always been loose, biding their time, and waiting for
some fresh meat for parasitic mutation...
This one's 'containment' and this one's 'further study' and this one's 'zoo' and this one's 'ambient life' are all the same?
permalink | The Flood
BINARYGOD (email@example.com) writes:
I have a small theory to kind-of add onto Mr. Bananas Last Theory. Let's take his theory, ignoring (or not - whichever) the whole 'reseeding process.' If all of what he says is true - that basically Humans ARE forerunners and we are 'Reclaimer's' of our lost technology and history (Halo's, other Forerunner installations, artifacts, etc') perhaps the Prophets actually know this.
This might sound odd - why would the same race you consider god-like and responsible for creating all of that which you find holy now be considered inherently blasphemous and therefore in need of extermination? This is after all the race that defined the path to salvation and created all of this great technology that leads to it, among other advantages.
Well lets think about what the Covenant and the Prophets think that Halo will do. Mercy says 'Halo. Its divine wind will rush through the stars, propelling all who are worthy along the path to salvation.' So the prophets sort of misread what Halo will do. They think it will propel those who are worthy into salvation and leave everyone else behind, or perhaps the know it will kill everything but think that the worthy ones go to 'heaven' and everyone else goes to 'hell' - sort of like judgment day in the new testament of the bible.
So, if humans are forerunner, and the prophets know this - then any humans left over after the last activation of the Halos would be unworthy of the great journey - as anyone who was would not have been left behind. This would make it so that any humans left behind are not worthy and are therefore inherently evil and worthy of annihilation.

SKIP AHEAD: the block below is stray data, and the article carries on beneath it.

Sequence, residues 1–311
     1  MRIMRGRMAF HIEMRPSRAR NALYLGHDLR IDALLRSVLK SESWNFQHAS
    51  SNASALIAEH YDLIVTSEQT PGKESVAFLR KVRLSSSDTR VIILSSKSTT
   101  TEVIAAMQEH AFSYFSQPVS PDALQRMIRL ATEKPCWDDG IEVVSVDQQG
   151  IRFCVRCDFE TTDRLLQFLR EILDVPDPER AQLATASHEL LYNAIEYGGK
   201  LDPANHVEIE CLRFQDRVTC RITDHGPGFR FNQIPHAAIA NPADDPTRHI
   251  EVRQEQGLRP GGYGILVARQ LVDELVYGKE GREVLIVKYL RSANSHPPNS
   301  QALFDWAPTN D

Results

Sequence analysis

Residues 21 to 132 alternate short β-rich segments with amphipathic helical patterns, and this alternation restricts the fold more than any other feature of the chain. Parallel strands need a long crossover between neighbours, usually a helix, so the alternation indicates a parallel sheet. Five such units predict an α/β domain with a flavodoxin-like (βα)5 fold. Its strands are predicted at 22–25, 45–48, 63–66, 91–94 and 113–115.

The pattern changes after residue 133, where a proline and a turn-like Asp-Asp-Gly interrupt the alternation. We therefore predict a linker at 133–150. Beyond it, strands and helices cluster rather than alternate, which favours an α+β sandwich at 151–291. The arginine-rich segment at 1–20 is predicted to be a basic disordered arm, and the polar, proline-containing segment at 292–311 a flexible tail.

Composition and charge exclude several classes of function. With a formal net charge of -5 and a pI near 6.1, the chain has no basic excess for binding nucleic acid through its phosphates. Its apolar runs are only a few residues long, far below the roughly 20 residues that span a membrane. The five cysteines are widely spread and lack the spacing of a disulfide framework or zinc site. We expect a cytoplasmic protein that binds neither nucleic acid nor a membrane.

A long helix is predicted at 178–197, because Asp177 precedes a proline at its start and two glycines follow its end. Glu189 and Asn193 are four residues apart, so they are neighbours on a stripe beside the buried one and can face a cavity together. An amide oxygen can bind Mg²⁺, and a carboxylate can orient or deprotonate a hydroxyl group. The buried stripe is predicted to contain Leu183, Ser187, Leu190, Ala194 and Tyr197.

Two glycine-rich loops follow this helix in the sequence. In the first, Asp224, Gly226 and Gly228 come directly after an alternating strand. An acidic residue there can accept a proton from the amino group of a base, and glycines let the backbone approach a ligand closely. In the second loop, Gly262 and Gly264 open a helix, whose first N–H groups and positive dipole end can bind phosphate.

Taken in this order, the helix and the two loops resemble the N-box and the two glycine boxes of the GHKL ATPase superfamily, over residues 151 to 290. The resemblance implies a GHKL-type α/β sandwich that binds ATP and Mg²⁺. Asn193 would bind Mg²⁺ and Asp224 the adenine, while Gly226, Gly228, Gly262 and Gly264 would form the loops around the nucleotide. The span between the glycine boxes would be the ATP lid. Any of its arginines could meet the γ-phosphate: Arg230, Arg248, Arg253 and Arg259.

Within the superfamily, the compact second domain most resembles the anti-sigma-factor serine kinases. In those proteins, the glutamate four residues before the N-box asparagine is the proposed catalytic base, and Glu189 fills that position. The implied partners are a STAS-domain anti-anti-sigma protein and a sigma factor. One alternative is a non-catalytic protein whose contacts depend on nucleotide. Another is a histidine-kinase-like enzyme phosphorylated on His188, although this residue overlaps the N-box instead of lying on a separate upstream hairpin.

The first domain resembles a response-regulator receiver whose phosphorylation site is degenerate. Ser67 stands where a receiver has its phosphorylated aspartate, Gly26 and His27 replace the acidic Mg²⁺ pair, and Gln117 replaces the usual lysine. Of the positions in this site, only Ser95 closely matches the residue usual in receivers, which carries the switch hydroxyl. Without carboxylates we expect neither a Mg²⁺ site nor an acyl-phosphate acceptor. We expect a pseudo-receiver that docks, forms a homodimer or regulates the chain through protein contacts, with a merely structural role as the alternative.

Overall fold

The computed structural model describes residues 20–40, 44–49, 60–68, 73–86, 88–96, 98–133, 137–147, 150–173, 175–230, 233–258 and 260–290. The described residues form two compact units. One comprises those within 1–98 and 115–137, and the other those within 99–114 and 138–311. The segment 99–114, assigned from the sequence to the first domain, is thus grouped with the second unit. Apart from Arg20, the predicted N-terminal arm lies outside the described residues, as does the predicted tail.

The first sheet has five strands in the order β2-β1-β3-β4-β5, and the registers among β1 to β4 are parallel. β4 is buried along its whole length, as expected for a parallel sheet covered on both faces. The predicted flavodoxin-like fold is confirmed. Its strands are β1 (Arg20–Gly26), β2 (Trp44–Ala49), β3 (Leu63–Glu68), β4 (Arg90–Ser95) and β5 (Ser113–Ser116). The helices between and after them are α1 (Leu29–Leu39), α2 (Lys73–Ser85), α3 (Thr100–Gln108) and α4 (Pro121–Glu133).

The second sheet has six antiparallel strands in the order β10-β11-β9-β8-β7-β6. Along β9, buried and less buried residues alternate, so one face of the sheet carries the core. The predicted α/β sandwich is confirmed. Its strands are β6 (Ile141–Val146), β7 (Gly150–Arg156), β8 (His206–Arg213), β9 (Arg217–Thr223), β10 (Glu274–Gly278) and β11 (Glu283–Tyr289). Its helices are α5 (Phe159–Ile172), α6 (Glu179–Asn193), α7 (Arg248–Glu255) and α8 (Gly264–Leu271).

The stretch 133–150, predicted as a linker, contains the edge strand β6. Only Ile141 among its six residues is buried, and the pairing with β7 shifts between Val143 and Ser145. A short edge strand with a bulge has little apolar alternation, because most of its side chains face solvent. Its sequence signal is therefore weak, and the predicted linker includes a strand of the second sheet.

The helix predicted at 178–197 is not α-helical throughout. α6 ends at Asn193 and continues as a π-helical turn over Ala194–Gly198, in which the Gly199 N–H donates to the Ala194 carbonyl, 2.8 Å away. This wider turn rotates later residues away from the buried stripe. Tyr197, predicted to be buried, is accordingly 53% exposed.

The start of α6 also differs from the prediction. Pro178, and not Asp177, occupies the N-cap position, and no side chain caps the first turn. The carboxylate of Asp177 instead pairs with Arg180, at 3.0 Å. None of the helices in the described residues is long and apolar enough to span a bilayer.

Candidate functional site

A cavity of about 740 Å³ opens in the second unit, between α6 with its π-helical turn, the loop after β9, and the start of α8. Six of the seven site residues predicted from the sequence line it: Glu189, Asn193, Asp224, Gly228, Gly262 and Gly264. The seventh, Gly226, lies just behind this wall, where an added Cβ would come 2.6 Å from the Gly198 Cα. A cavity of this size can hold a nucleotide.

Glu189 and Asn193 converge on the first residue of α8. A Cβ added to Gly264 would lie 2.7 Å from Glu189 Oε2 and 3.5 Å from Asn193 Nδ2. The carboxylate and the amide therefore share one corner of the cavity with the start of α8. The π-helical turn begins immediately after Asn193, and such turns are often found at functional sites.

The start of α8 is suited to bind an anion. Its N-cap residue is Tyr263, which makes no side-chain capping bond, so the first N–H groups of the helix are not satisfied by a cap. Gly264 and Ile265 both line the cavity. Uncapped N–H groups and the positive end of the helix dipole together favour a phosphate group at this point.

This is further backed up by something that Mercy says to MC just before he dies after being attacked by a Flood spore on High Charity: 'Earth. To finish what we started. And this time, none of you will be left behind.' None of 'You' who is he referring to? Since Mercy is only talking to one person and that person is a Human, he must be referring to all Humans when he says that. No one says 'all of you' or 'none of you' to a single person unless they mean every person like that person. Also 'this time' implies there was another time in the past.
To wrap it all up - the Prophets, and perhaps Tartarus (but probably no one else in the Covenant) know that Humans are the forerunner, their gods. They know that humans (forerunner) built everything (Halos, artifacts, etc.) and know the path to salvation, but those who were worthy were taken to salvation by the last activation of the Halos. All those that were not worthy are killed. Obviously something went wrong and some unworthy humans survived therefore any humans that still exists are an abomination and must killed since that is what was supposed to happen in the first place.
This also explains why the covenant allowed other races to join but never gave us a chance and just wanted us eradicated. This is also why they view us handling Forerunner objects or setting foot on the Halos as heresy. This also, while dependant on the idea that Humans are Forerunner, adds more weight right back at that theory. Hmmm, my theory based on someone else's also backs up that theory. Neat.